Scene 7: Henry's Courtship of Katherine
1. What effect might Burgundy's speech have on the negotiations? What effect does Shakespeare's inclusion of Burgundy's speech have on the play and its themes of fighting and war?

2. Why does Henry send his lords to the negotiating table and choose to stay with Katherine? Does this show his political naivete and innocence, or his political acumen?

3. Must Henry court Katherine if her marriage to him is a part of the peace negotiations? What does his desire to court Katherine reveal about his character?

4. What does this scene between Katherine and Henry suggest about what their marriage will be like? Is Henry manipulating Katherine with his rhetoric that he is just "plain soldier" and "plain king," or could his playfulness reflect his perception that he has something to learn from her, and through his relation with her?

Paper topics
1. On the night before Agincourt, Henry (disguised) argues to the soldiers he meets that the king is a man "as I am." What argument does he make? Is it valid? Is it ironic? How does Henry in this scene with the soldiers demonstrate both his common humanity and his superior virtue?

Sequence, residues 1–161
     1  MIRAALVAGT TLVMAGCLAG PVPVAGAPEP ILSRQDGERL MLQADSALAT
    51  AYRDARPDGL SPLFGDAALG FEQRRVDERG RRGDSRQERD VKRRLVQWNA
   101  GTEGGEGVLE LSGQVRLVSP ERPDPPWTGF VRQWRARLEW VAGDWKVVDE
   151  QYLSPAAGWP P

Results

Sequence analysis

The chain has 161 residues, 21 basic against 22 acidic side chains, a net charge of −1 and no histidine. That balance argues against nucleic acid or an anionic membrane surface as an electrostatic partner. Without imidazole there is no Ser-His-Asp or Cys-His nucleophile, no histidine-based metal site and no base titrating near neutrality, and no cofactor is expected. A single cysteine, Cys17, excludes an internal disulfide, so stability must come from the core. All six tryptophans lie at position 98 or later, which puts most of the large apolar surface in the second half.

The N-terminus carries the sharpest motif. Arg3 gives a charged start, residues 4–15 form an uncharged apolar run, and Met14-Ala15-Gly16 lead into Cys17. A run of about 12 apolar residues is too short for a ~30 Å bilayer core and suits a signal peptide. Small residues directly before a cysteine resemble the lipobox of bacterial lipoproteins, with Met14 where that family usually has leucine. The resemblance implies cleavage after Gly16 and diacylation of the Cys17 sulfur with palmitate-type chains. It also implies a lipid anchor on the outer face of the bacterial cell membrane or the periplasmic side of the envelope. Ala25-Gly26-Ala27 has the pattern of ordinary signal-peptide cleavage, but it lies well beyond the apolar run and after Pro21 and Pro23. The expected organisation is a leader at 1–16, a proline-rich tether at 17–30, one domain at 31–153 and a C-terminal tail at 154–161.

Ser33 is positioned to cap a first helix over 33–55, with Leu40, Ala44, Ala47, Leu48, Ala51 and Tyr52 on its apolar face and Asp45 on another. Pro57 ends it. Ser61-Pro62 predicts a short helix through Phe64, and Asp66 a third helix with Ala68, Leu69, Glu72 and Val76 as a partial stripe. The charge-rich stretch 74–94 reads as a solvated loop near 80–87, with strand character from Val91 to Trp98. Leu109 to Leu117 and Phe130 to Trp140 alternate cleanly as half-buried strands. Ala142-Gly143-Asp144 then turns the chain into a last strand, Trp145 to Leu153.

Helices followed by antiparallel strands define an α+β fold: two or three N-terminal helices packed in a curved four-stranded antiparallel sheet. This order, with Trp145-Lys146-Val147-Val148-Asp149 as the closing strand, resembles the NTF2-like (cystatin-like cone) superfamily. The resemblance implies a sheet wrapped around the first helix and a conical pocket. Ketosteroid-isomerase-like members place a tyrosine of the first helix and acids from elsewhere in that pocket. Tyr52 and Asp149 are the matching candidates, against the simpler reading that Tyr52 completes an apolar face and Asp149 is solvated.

2. In the conversation Henry has with the common soldiers before the Agincourt, the question of the justice of the war arises, and the responsibility the king bears if the war is an unjust one. Is the issue of the justice of this war and the king's responsibility resolved in this scene, or even in the play as a whole? What factors bearing on this issue arise in the play?

3. In his St. Crispin's Day speech, Henry refers to the men with him at Agincourt as "a band of brothers." And the Chorus in the prologue to Act IV describes Henry's encouragement to those he meets as "brothers, friends, and countrymen." In what senses is "brother" used in this play, and to what political effect?

4. To what extent should a political leader be an actor? Recall why Coriolanus felt a leader shouldn't be an actor at all, and recall several instances when Henry V employs acting.

5. What qualities make Henry a successful king? Use specific examples of how Shakespeare shows that Henry possesses these qualities.

6. Why does Shakespeare end the play with what is in effect a love scene? Is love simply another area of control and domination, so that courtship is war by another name, or are marriage and family appropriate blessings that the harsher aspects of life make possible?

first reading selection from Henry V

second reading selection from Henry V

third reading selection from Henry V

Guide to unit 2

back to unit 2